- Super Shuttle Drivers Move Closer to Justice
- Bargaining Update
- Peaceful Resistance in Ferguson
- Nominate Young Women Workers for Berger-Marks Award
- UCLA Professor Fined $10,000 for Death of Lab Worker
- Bay News Rising Trains Next Generation of Journalists
- CWA, Allies Enlist State Legislators in Fight Against TPP
The Denver SuperShuttle drivers took another step toward justice this week when a division of the National Labor Relations Board advised the Colorado regional office to order SuperShuttle to rescind the sham contract it imposed on the 100 drivers and restore their lost wages and benefits.
The drivers are members of CWA Local 7777, organizing to overcome the company's abuse and to gain a fair contract. SuperShuttle and parent company Veolia have illegally harassed and even fired drivers.
Coinciding with the NLRB action, the Denver Worker's Rights Board has issued its report and recommendations following a public hearing in June. Community, faith and political leaders heard testimony from the drivers about the company's unfair attacks as well as drivers' determination to make a better life for themselves and their families.
In the report, the Board concluded that Denver SuperShuttle management is in violation of basic human rights. The Board also found that there has been clear retaliation against the drivers for union activity, that SuperShuttle is arbitrarily imposing poverty wages, and that management has refused to bargain in good faith by imposing an unfair contract on the drivers.
The Board recommended that SuperShuttle management rescind the unfair and immoral contract imposed on the drivers, end all forms of retaliation against the workers and begin treating all workers with dignity and respect.
The Denver Workers' Rights Board is a project of Jobs with Justice.
The NLRB's Region 27 in Colorado will now attempt to reach a settlement with the company that is acceptable to the workers and CWA. Failure to reach settlement could mean a trial.
In New York City, union and community activists rallied on the steps of City Hall, demanding an end to the illegal firings and threats against workers at El Diario – members of TNG-CWA Local 31003 – and calling for the reinstatement of eight illegally fired workers.
NYC activists rally in support of El Diario workers.
El Diario employees joined members and leaders of the Newspaper Guild of New York, NYC Central Labor Council, Labor Council for Latin American Advancement, Newspaper Deliverers Union, NYS AFL-CIO, South Bronx Community Congress and community members at the demonstration.
In June, El Diario's parent company, ImpreMedia, illegally fired eight El Diario employees, the latest in a series of anti-union actions by management to replace veteran journalists who have long covered the Latino communities of New York.
The company has since hired several nonunion employees and continues to threaten current workers who speak up. The Guild is seeking a court order to require ImpreMedia to reinstate the eight employees while the dispute is being litigated.
"We will continue to fight against El Diario's union-busting moves until these journalists have been reinstated. The Newspaper Guild is doing everything it can to save the jobs of its members and support high-quality journalism for a Spanish-speaking audience," said TNG-CWA Local 31003 President Bill O'Meara.
CWA Local 6355 President Bradley Harmon sent us this dispatch from Missouri:
CWA Local 6355 President Bradley Harmon.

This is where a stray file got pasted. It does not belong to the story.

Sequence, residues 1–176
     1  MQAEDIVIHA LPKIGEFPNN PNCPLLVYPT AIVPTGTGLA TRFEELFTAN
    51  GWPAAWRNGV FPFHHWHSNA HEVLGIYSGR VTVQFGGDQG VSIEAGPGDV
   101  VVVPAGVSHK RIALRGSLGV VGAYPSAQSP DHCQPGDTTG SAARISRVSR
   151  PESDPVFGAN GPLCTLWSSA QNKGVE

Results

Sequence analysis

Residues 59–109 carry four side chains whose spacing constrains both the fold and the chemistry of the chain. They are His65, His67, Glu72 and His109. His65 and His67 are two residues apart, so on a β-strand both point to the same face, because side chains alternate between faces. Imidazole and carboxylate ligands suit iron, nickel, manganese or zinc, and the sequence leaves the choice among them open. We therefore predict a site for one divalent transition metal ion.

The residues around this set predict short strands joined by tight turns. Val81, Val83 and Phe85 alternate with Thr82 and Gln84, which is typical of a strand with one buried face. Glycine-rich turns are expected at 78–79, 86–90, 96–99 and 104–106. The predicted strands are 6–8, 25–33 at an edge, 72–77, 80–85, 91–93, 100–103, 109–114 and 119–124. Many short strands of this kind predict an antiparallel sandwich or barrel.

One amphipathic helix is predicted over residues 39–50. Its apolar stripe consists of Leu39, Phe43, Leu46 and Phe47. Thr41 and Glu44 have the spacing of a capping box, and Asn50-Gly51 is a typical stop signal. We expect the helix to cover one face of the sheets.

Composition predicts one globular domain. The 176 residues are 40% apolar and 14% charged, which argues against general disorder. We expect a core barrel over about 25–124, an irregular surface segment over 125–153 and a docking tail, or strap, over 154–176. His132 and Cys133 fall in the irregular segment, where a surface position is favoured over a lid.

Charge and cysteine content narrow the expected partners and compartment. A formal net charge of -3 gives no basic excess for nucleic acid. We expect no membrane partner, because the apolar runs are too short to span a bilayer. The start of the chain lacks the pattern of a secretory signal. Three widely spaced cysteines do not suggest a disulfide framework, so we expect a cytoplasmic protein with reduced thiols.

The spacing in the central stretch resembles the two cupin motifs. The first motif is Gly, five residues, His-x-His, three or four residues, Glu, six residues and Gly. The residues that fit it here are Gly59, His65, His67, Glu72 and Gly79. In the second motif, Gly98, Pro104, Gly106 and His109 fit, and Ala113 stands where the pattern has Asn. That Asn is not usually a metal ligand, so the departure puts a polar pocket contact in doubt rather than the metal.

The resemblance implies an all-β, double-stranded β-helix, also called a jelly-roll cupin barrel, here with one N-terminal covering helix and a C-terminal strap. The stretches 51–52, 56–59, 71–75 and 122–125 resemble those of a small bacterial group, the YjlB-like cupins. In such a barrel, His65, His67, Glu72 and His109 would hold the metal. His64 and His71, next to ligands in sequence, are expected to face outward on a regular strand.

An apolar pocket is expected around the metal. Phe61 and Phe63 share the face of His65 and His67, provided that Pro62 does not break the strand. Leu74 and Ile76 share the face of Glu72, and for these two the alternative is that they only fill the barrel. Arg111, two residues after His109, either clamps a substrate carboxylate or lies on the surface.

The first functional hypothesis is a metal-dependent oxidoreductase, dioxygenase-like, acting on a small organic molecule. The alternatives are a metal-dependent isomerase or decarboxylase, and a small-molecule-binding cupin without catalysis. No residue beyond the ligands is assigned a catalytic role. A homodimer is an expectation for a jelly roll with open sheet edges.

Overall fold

CWA is part of the St. Louis community which includes the suburb Ferguson. Ever since Police Officer Darren Wilson shot and killed unarmed black teenager Michael Brown on Aug. 9, CWAers, like the rest of the St. Louis community, have found themselves in a whirlwind.
St. Louis is one of the most segregated cities in the U.S. We used to be a great industrial center and Ferguson used to be a middle-class community where nearly everyone could find a good job.
But Ferguson was among the hardest hit communities by the foreclosure crisis. Good union jobs in manufacturing and the service industry have been moving overseas for decades. Public services have been slashed. The school district that serves part of Ferguson has been taken over by the state and is in the process of being privatized. The social services office where CWA Local 6355 members work near Ferguson has seen staffing levels drastically reduced. The state university in St. Louis County has increased tuition and fees by nearly 300 percent since the Great Recession began. Today, 47 percent of young black men in St. Louis can't find employment.
CWA activists with community allies demonstrate and sit in at the Wainwright Building in downtown St. Louis calling on Gov. Jay Nixon to intervene and demilitarize the police response to demonstrations in Ferguson. The Wainwright is home to CWA represented Missouri Department of Social Services employees and Nixon's St. Louis office.
Photo credit: Mark Esters.
But CWA and other unions have been doing serious organizing in St. Louis for several years. That organizing is part of the reason why a peaceful and positive resistance has coalesced around the community grief and outrage at Michael Brown's death. CWA Local 6355 has been working closely with a St. Louis civil rights group, the Organization for Black Struggle, to fight back against cuts to the Missouri Department of Social Services. CWA members from every local in Missouri have participated in support actions with fast food workers who belong to Show Me $15 in the fight for better wages and a union at fast food restaurants.
Many of the leaders of the peaceful resistance movement in Ferguson have developed organizing skills from the battles CWA members have fought. The fight for justice for Michael Brown in Ferguson is being led by the people of that community – as it should be. But CWA members are part of that community and, with our allies, are playing a major role for positive change.
CWAers have been in the streets with the people of Ferguson demanding justice. CWA activists are supporting protest actions and voter registration drives and exploring how the labor movement can better engage in the fight for racial equality. Community alliances aren't always easy. Racial inequality is an uncomfortable subject for many union members to address. But building a movement for democracy and justice demands that we find common ground and that we take our commitment to "be there" in allied organizations' fights for justice seriously.
In many workplaces today, it can take a lot of courage for a young woman to stand up for what's right. Do you know someone who has shown that kind of courage?